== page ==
As a result, places like Yellowstone and Glacier national parks have been forced to close visitor centers and campgrounds, shorten hours and seasons, and eliminate ranger positions. Given that climate, the National Park Service is eyeing alternative funding measures to supplement its budget, Crandall said.
Last month, the U.S. Senate Committee on Energy and Natural Resources held a three-hour session to discuss how concessioners can help develop an alternative model that augments revenues and improves the quality of visitor services at a time of diminishing resources.
At the hearing, National Park Service director Jon Jarvis testified that the agency is willing and eager to explore ways in which the agency’s partnership with concessioners can help offset the budget deficit.
“The National Park Service is open, of course, to ideas that could supply added funding and appreciates the work of the Bipartisan Policy Center, the National Parks Conservation Association, and the National Park Hospitality Association to help identify and promote a wide range of ideas,” he said.
There currently exists a $12 billion backlog in maintenance projects, about $7.5 billion of which is described by the NPS as critical. Roads and related infrastructure constitute almost 50 percent of the entire backlog, while concessioner-operated buildings account for about $1 billion of the maintenance backlog.
According to Crandall, the National Park Service is actively looking to cut barriers that are blocking efforts to reduce the backlog.
“The park service has never had this kind of scrutiny, this kind of pressure, and they are looking for ways to turn this train around. It is going to take them a little bit of time because, suffice it to say, 2014 will not be a kind year to the budget of the park service,” Crandall said. “There will be continued cuts and perhaps closures. That is where the National Park Service is headed right now and they are obviously interested in a concessions operator that can invest in needed infrastructure, maintenance, attract more visitors, and pay a higher franchise fee that will become increasingly important.”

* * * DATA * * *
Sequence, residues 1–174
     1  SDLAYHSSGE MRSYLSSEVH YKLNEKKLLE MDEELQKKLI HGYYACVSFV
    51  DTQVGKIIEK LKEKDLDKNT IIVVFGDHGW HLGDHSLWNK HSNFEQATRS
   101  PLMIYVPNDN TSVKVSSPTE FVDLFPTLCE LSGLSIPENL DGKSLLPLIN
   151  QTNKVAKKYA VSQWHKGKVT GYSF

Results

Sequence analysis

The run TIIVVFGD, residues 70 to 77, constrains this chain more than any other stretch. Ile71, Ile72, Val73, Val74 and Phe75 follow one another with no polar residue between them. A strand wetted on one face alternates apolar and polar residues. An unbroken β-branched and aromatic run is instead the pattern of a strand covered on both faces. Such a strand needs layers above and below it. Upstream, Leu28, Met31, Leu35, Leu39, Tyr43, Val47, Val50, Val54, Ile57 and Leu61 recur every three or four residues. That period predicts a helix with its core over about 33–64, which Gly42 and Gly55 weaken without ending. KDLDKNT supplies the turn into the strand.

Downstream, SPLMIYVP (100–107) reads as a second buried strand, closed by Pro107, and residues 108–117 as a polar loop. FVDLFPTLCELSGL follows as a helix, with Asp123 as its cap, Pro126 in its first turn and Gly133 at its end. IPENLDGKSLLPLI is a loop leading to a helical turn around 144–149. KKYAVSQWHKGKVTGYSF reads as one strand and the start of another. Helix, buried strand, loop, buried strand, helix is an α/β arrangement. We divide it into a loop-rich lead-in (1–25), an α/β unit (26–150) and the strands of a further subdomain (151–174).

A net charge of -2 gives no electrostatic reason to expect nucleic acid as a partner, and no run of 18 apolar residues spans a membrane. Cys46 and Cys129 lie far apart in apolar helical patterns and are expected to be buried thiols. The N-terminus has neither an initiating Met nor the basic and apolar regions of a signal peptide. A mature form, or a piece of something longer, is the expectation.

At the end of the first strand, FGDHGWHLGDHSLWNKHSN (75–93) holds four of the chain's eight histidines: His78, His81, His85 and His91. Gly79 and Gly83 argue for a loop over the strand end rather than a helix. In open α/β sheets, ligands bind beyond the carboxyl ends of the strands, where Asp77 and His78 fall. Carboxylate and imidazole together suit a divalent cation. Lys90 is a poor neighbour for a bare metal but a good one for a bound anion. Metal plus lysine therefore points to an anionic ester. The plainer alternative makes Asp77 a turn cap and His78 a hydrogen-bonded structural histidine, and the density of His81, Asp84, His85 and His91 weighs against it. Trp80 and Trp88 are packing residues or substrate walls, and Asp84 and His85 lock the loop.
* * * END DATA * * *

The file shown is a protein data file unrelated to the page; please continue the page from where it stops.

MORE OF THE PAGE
“As we see revenue fees dry up the concessioner will become very significant,” he added.
Xanterra is owned by Philip Frederick Anschutz, one of the wealthiest billionaires in the nation (Forbes estimates his net worth at $7.6 billion). He also owns the Denver-based Anschutz Exploration Corp., the company that until last year was drilling exploratory wells along the 400,000-acre swath of land that abuts Glacier Park’s eastern boundary, on land occupied by the Blackfeet Indian Reservation.
Anschutz halted drilling and shut down the exploration project on Blackfeet lands one month before the deadline for prospective bidders vying for Glacier Park’s concessions contract was due, saying the decision had nothing to do with controversy over the competing interests and everything to do with an unproductive oil play.
Critics of the Anschutz-Xanterra connection say the competing interests are unacceptable – an online petition asking the park to select another concessioner has gathered 5,500 signatures – but the company has since surrendered all leases not within a spacing unit for a producing well. The company says it will reclaim drilling sites and access roads of non-producing wells.
Crandall dismissed the argument that Anschutz bid on the park’s concessions contract in order to establish an inside route to oil and gas activities on nearby lands.
“Phil Anschutz purchased Xanterra because he likes being a partner with the National Park Service. He has no Machiavellian kind of a scheme to try to use his operations in the national parks to somehow advance his activities outside the park,” Crandall said. “I would say look at the scale of dollars. They make a whole lot more with oil and gas activity than running tourism enterprises in Glacier National Park. He didn’t get to be billionaire by being dumb. You don’t make enough profit renting rooms and dishing out huckleberry pie in Glacier National Park to in anyway compare with the money you make in the oil and gas industry.”
Jan Knox, chief of concessions at Glacier National Park, said the 1998 legislation set forth a range of criteria that the selection panel reviews when awarding such a contract and Xanterra came out ahead in the ranking.
“Under each of the principle selection criteria we ask questions,” Knox said. “In some cases, they might score better if they can show that a more robust maintenance staff will take better care of resources in the park, or that they have the ability to maintain historic structures. We ask them about their ability to meet the requirements of the facilities that are unique to Glacier.”
Pending a congressional review period, the new 16-year visitor services contract with Xanterra will begin in January 2014.
Information from: Flathead Beacon, http://www.flatheadbeacon.com